So I think all those points are equally valid and map outside the region. Decentralized democracy is equally valid. Actually addressing systemic racism also needs to be a point, and it also maps. And that should include gender as well as race. So a list of points, a list of — What did Martin Luther, the original Martin Luther, call his?
Theses — there were 95 of them.
So let’s say 10 points. And another point is the need for a post capitalist system that actually values life. So, Yeah — a revolutionary/populist movement that has 10 key points to it. And that heads off the media saying, “well, we don’t know what they really want, and neither do they” — that’s what they did with Occupy.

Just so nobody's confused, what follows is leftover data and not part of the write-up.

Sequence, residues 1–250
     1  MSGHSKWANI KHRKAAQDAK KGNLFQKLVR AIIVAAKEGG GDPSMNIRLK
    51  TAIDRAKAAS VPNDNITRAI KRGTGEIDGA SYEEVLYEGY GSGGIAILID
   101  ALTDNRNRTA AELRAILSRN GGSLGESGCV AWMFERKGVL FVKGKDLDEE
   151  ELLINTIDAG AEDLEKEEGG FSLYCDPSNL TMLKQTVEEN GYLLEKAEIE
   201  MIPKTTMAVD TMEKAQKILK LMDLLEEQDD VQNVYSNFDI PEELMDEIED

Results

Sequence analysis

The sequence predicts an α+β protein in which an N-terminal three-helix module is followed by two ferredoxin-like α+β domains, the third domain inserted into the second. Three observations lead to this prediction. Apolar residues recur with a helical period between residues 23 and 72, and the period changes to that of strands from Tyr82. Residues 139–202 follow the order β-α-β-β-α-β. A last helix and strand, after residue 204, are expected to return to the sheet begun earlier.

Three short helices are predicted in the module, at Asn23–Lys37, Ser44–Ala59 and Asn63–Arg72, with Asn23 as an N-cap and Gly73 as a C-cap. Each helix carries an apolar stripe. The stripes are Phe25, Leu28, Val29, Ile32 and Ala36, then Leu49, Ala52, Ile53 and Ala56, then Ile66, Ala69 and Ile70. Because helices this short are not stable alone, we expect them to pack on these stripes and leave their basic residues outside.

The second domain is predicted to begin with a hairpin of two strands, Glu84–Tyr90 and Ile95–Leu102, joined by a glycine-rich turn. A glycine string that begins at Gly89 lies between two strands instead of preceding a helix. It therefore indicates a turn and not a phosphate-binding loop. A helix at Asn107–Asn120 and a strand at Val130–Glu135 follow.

Speaking of the media: Does the disproportionate amount of attention that’s been given this region — and this city, particularly — over the last two months, does this do an ‘evergreen revolution’ a favor?
Oh, yes, 100%. This is why I’m kicking myself in the head because I didn’t want Cascadian flags at the protests. Or at the CHOP in Seattle. Because I felt we should be focused on Black Lives Matter.
I think your initial instinct was correct.
I still think it’s correct, because to me, it’s really about respect.
It’s about respect — it’s also about not being one more white radical trying to co opt someone else’s protest.
Yeah, exactly — because we are there for Black Lives Matter. We are there in solidarity.